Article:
“A project is a draught of the future. Sometimes the future needs hundreds of draughts.”
Jules Renard (1864-1910)

In 2003, I began teaching children, ranging in age from 7 to 13, about world religions. Many of them live in my multicultural neighbourhood. It seemed obvious to me that stimulating their senses – seeing, hearing, but also touch, taste and smell – would be the only way to to awaken their curiosity for the subject.

Muslim Festival © JGL
Muslim Festival | © JGL

Attention > Interest > Desire > Action

Each Saturday morning we met in my kitchen around a festively decorated table, laden with unfamiliar food and drink, to celebrate a traditional religious holiday. The air was often hazy with incense. The children listened to carefully selected music and stories, watched films, played games and did some craftwork. They also pored over plasticised images and maps, and handled venerated objects. At the end of each series of 7 traditions, their parents were invited to join us on a visit to one local place of worship: a synagogue, a mosque, a church or a Hindu or Buddhist temple. The ‘alumni’ and their parents were always welcome to join the group. Our hosts often commented about the quality of the questions and how the interest of the children equaled, if not surpassed, that of their parents.
Although I was prepared to find few tools for teaching world religions to children, and unsurprised to find none at all based on exploration through the 5 senses, I was deeply troubled by the dearth of unbiased teaching material.

Celebrating Festivals © Ian Gordon-Lennox
Celebrating a Buddhist Festival | © Ian Gordon-Lennox

“Education is about the exquisiteness and magic of life… it is not based on fear of failure but on enthusiasm to learn. The “every man for himself” attitude gives way to the power of solidarity and complementarity. Individual talents are at the service of all. Abstract intelligence is balanced with the practical know-how only hands can learn. Children are awakened to nature, beauty and their responsibility for life. All this is essential for the elevation of their consciousness…”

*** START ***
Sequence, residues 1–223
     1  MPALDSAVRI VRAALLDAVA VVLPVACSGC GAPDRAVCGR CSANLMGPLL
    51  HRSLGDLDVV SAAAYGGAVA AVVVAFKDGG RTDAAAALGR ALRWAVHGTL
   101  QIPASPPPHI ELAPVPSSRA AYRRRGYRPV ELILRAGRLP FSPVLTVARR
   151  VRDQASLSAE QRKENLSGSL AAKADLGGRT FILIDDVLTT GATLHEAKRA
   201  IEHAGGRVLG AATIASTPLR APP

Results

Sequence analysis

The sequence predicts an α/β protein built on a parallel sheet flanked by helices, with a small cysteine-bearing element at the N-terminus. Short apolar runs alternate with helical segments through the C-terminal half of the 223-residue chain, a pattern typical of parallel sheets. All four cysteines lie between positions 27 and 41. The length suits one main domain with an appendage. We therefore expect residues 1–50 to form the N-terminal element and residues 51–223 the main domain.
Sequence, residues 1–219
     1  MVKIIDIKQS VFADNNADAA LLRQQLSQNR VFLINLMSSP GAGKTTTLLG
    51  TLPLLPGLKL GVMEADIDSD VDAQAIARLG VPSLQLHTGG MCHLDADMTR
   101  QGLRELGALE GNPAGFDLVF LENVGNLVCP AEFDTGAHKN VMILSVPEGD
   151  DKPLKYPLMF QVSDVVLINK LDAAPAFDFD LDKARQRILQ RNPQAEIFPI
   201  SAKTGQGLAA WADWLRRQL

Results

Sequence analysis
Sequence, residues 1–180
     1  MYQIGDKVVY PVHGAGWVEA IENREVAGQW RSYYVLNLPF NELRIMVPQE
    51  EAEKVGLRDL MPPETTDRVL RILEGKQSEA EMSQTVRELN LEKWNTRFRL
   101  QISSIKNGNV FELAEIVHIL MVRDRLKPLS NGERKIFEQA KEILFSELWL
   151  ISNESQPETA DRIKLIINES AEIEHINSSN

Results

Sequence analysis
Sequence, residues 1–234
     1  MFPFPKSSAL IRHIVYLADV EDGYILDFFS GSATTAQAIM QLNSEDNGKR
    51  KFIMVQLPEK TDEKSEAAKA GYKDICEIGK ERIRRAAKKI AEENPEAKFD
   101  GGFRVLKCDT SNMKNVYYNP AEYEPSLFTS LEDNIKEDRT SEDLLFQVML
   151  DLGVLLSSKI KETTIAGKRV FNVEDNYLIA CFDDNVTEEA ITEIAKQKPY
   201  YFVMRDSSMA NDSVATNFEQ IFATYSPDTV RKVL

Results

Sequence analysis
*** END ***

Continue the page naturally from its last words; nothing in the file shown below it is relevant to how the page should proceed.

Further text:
Pierre Rabhi (1933-)
French agriculturalist and activist of Algerian origin

As my search for suitable material continued, out of necessity, I started making my own. Being primarily a visual person, I began by collecting images, then ideas for a series of short films. I discovered one set of films en English for youth but the American cultural references made it inaccessible for European children. A similarly well-intentioned project (for adults) in French provoked uncontrollable fits of laughter in the children each time the narrating Professor came onto the screen. Material from so-called scientific viewpoint – where “religion” is approached with the precautionary distance of an entomologist examining a potentially dangerous insect – proved equally disappointing. The discovery of a board game created for adults by a French Bahá’í couple inspired me to begin development of an electronic version…

Shinto Festival © JGL
Shinto Festival | © JGL

Through it all, Confucius’ wisdom has helped this dreamer maintain perspective:

“When you set out to do something, remember that you will have against you
Those who want to do the same thing
Those who want to do the opposite and
The immense majority of those who don’t want to do anything at all.”
Confucius (551-479 AEC)

Over the last 10 years, my efforts to create new tools took on nearly as many forms as the Hindu deities. I learned at my expense that technical, financial and staff-related setbacks are the regular lot of those who aspire to create something new. Experts and funding appeared and melted away – more or less hand-in-hand – leaving behind flotsam and jetsam but very little worth salvaging.

Thanks to support from my husband and children, and gifts from family and close friends, I persist with draughts of the future, imagining a world where people live together in joy and peace.
A very special thank you to each one of the many children who came ever so eagerly to play and learn on Saturday mornings; I am also of course grateful to their parents who entrusted them to my care.

“Live with intention. Walk to the edge. Continue to learn. Play with abandon. Choose with no regret. Laugh! Do what you love. Live as if this is all there is.”
Mary Anne Radmacher (1957-)

Jeltje Gordon-Lennox, Project Coordinator
The 30th of May 2014
Geneva, Switzerland